Tips & Tricks: Offer Letters and Employment Contracts
SIGN ON THE DOTTED LINE, PLEASE
It’s happened to most of us. You've just received an exciting new job offer and your job search is finally over. You are brimming with excitement. A stack of papers is pushed across the table. Please sign here. You are so excited about the new opportunity that you quickly sign off on a number of documents; the offer letter, the contract, workplace policies and more. You skim through terms and conditions that you will regret not reading when in a few years, your employment is terminated.
In this article, I will tell you what to look for and when to consult with a lawyer before signing on the dotted line. Why should you care? Because employers are hiring lawyers to write iron clad employment contracts to protect themselves from having to pay large "severance packages" when they unilaterally terminate your employment a few years down the road.
Contract and unionized jobs will have different considerations than the ones I talk about below. Therefore, it’s important to recognize that this article is written with respect to non-union and non-contract work.
WHAT TO LOOK FOR IN YOUR NEXT OFFER LETTER OR EMPLOYMENT CONTRACT
You've landed the job. Things are looking up. So let's make sure that when/if that employment relationship ends, you can access the severance package you deserve.
These are my top four sections that you should pay attention to in your offer letter or employment contract:
1. Job Title: does the job title accurately represent what you have interviewed for and agreed to? A job title matters because it quickly identifies the type of work you are doing and is a factor in a wrongful dismissal application. Are you an analyst or a lead? Are you an associate or an executive? Are you a cashier or a sales person? You want to have clarity on what will appear on your resume if you need to seek work again in the future.
2. Salary: does the salary accurately reflect your negotiations? Are there benefits, vacation pay or other types of remuneration that you believed to be a part of the package? Will the employer pay for uniforms, travel or other expenses? If so, make sure they are included in the offer letter and/or employment contract.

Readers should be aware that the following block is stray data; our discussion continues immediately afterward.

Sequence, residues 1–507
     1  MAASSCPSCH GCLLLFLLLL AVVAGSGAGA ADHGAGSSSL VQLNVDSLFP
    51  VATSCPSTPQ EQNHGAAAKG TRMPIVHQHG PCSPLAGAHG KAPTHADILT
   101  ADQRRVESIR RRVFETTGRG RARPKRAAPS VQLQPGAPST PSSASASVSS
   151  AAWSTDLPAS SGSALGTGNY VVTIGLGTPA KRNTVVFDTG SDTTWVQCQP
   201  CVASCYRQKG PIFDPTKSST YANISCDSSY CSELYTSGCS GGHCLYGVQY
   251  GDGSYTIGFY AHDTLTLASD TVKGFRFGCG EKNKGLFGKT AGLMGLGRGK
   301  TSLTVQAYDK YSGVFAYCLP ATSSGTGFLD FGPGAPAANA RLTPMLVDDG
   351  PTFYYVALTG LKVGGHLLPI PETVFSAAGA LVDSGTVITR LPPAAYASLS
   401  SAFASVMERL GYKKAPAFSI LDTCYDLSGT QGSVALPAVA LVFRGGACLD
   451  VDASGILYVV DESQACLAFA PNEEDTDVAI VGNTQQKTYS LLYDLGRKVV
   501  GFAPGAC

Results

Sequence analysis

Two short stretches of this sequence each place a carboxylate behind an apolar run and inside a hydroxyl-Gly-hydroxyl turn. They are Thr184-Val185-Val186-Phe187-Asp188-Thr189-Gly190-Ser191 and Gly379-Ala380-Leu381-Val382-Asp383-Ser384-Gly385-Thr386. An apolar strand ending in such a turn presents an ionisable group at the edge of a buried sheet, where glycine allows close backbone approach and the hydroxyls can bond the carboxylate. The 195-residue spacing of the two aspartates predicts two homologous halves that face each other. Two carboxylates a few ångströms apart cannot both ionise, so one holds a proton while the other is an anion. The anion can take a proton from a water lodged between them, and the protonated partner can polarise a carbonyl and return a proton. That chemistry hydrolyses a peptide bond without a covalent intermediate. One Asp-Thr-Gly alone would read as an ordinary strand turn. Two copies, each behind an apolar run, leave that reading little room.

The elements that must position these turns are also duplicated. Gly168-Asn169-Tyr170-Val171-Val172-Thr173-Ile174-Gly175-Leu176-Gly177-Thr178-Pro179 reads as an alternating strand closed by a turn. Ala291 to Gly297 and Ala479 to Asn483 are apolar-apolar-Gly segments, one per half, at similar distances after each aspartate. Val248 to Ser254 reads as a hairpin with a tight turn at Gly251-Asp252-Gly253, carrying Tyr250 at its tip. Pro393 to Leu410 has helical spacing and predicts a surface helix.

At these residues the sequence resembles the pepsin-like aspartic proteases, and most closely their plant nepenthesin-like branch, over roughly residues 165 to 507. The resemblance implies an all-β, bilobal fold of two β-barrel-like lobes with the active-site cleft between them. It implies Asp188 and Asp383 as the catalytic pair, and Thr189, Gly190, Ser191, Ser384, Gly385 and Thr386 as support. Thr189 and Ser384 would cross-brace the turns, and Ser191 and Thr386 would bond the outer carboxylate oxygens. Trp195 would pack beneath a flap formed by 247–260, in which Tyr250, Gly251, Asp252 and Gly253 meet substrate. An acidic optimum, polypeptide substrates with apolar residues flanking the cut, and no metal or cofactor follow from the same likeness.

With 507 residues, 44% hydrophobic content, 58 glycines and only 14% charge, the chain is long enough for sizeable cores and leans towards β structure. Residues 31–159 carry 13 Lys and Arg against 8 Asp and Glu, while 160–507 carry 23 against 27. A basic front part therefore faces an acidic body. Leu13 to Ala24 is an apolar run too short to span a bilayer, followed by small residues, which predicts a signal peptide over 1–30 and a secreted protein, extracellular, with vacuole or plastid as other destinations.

3. Job Description and Duties: does the description match what you discussed in the hiring process? Are you supervising others or working independently? Make sure you have a clear understanding of your responsibilities and how your performance will be evaluated.
4. Termination and/or Resignation: this is the most important section in a job offer letter because it can limit your severance package if you give away your legal rights.
a) Resignation: A good letter will give you an idea as to how much notice you must give the employer before resigning. Typically, an employer will request 2 weeks notice but that doesn’t mean you will continue to work through that notice period. An employer can opt to send you home the day you present a resignation letter and pay you out for your notice period.
b) Termination: Employers will try to protect themselves from liability and large severance packages by including terms that waive your right to common law damages. Clauses that say “the payments and notice provided for in this paragraph are exclusive of your entitlements to notice, pay in lieu of notice and severance pay pursuant to the Employment Standards Act and any other legal remedy” or “this is exclusive of all your entitlements including those under the common law” are examples of terms that you should avoid.
Employment legislation sets out the bare minimum entitlements when you are terminated from work. It is important that you retain the right to your “common law” entitlements, which are damages that a judge would order in a court of law, if you had to pursue a wrongful dismissal claim.
If you are confused about the offer letter or employment contract that you have been asked to sign, then exercise your right to have it reviewed by an employment lawyer. If your new employer denies you the opportunity to check with a lawyer, then make note of the fact that you signed under duress. Highlight or make notes of your concerns and keep a copy of all the relevant documents for future reference. A little extra work on the front end can save you money if and when that employment relationship ends.
Stacey A. Mirowski practices employment law in Ottawa, Eastern and Northern Ontario. Send an email to email@example.com for your free consultation.